Tag Archives: IT

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On the Apple Cube, a wonderful failure

It’s hard to believe that this computer (see above), that is in the MoMA no less, was a failure. But as this piece shows, it was one of Apple’s least successful computers for a number of reasons: 20 Years Ago, Steve Jobs Built Apple’s G4 Cube. It Bombed | WIRED.

Beautiful design, but not a great product. Every company has those from time to time. Apple was no exception.

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Two interesting IT trends and one novel thing: iPhone 11s in India, Siemens doubles down on WFH, and you can run Windows 95 PC inside Minecraft and play Doom with it.

The good folks at itbusiness.ca have a podcast called Hashtag Trending and today they talked about two interesting IT trends and one novel thing: iPhone 11s in India; Windows 95 PC inside Minecraft; Siemens doubles down on WFH. Here’s an excerpt:

Apple is building iPhone 11s in southern India. The move comes as Apple has been looking to shift some of its manufacturing away from China amid US-China trade war and disruptions stemming from the COVID-19 pandemic. Apple already assembles two other models in India — the iPhone XR and iPhone 7. ….

… A new modification has been created for the game Minecraft allowing players to order computer parts from a satellite orbiting around a Minecraft world and build a computer that actually runs Windows 95 and other operating systems. According to the Verge the mod uses VirtualBox, which is free and open-source virtual machine software, to run operating systems like Windows 95. All you have to do within Minecraft is place a PC case block and then use it to create virtual hard drives to install operating systems from ISO files.

And lastly, Reuters is reporting that German conglomerate Siemens says it’s going to allow employees to “work from anywhere” for two or three days a week, and focus on “outcomes” rather than time spent in the office. Days after the recent announcement, the company says it was giving its over 100,000 employees access to a new app that provides local data on the COVID-19 situation, shows office occupancy levels and acts as a contact tracing tool. This of course is just the latest enterprise announcing its intentions for the post-COVID-world, following in the footsteps of Twitter, Facebook, OpenText and others, which have made their own announcements around remote work for employees moving forward.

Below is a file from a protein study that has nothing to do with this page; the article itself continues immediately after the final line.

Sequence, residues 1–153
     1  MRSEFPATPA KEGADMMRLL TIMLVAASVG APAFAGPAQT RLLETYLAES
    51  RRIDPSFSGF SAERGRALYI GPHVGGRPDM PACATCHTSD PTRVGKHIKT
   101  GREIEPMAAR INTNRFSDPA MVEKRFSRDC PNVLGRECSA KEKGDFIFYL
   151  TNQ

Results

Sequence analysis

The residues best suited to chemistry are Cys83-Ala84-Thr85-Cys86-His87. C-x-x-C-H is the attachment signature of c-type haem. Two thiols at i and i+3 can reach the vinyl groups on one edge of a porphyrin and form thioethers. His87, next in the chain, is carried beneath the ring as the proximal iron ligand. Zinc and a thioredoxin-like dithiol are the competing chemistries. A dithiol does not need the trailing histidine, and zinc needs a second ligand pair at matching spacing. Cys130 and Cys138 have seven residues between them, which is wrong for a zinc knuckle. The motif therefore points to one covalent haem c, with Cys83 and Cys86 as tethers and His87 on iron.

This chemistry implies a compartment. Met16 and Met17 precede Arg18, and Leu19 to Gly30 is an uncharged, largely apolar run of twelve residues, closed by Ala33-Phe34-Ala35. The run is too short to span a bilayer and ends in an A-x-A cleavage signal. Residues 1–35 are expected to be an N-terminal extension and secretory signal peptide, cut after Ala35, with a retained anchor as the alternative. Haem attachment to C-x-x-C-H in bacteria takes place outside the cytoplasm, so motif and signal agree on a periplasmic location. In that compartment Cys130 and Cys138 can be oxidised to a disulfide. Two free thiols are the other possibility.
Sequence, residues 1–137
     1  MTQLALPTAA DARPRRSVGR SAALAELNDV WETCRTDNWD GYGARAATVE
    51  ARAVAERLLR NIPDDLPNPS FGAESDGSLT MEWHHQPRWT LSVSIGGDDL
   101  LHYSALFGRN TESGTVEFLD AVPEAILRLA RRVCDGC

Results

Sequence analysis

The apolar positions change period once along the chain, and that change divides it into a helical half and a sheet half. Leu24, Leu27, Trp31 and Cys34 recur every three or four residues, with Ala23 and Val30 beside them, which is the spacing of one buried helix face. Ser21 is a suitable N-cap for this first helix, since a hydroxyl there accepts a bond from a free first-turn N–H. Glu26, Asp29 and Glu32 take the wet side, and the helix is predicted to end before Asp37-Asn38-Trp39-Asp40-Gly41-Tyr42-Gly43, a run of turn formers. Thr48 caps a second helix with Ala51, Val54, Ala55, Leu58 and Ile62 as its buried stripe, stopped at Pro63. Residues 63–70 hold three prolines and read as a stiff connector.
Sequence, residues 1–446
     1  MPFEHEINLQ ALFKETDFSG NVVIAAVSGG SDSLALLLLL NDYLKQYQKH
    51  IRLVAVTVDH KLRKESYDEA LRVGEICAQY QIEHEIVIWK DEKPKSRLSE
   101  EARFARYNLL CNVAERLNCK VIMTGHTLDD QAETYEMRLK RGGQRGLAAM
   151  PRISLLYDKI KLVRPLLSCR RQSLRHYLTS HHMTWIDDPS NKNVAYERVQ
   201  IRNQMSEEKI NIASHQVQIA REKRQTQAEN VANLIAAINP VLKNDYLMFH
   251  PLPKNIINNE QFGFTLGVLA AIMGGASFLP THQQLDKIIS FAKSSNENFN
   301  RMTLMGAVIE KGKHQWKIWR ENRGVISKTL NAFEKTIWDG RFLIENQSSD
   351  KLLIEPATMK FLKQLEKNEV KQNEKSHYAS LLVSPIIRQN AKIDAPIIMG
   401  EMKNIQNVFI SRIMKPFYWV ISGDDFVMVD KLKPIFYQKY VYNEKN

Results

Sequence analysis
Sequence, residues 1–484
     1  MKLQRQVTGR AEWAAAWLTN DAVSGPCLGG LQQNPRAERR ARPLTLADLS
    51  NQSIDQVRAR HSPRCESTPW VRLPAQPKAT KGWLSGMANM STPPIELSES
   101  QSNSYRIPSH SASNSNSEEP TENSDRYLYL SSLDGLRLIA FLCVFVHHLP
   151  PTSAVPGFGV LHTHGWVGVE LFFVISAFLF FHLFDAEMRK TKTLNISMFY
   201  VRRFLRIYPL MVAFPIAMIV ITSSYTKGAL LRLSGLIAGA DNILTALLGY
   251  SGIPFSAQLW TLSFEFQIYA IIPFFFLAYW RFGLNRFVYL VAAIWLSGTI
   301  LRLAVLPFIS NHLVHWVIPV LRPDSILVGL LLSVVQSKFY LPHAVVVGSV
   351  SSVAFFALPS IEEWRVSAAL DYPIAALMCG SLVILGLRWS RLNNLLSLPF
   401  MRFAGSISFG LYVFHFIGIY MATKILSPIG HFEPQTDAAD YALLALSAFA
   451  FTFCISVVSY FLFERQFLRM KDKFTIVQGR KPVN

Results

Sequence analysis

It’s really remarkable how much thought provoking stuff is jammed in here. I find itbusiness.ca a good way to keep up with IT business news, regardless of what country you live in. Worth subscribing too for sure.

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Microsoft tries again in the phone business with the Surface Duo

And Verge has the story on this device…


…here: Microsoft’s Surface Duo looks like it’s ready to launch – The Verge.

Who knows if the world is ready for a Microsoft Phone or a Dual Screen Phone. I predict that dual screen phones like this will become more common in the next few years. Unlike some of the foldable screen phones, this one looks more durable, which will help. As well, phone makers need new designs to entice people to upgrade. And people will want the next new thing (though maybe not from Microsoft). All this adds up to more of these in the hands of cell phone users in the next few years.

That said, I am terrible at making predictions!  But I predict this will see some form of success. 🙂

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The Segway, the last big hyped thing of the dot com era, is no more

To be honest, I am surprised it lasted this long! I do remember the incredible hype surrounding it during the end of the dot com era. Then it came out, and the dot com era bubble burst, and so did the hype surrounding it.

It’s good for anyone to go through a bubble: it’s a good insulation against future bubbles. So RIP, Segway: you were part of one of my first big bubbles*: Segway, the most hyped invention since the Macintosh, ends production.

* The first biggish bubbles I went through was the AI bubble in the late 80s, early 90s. Anyone working in tech will likely go through many such bubbles in their life time.

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Remember Blackberry?

You don’t see too many BlackBerry mobile phones any more. But that doesn’t mean the end of BlackBerry the company. As you can see from this, they are alive and well making technology for automakers: BlackBerry QNX now in 175 million cars | IT Business

Here’s some key facts:

BlackBerry says its QNX suite is now in 175 million cars, up from the 150 million it announced at CES this year.

The BlackBerry QNX for automotive is a suite of embedded software solutions, including operating systems and middleware, as well as a host of security solutions that protects the vehicle’s systems from cybersecurity attacks. Vehicle manufacturers that don’t want to build their own secure operating systems can use BlackBerry’s QNX operating systems and frameworks to build their ADAS systems.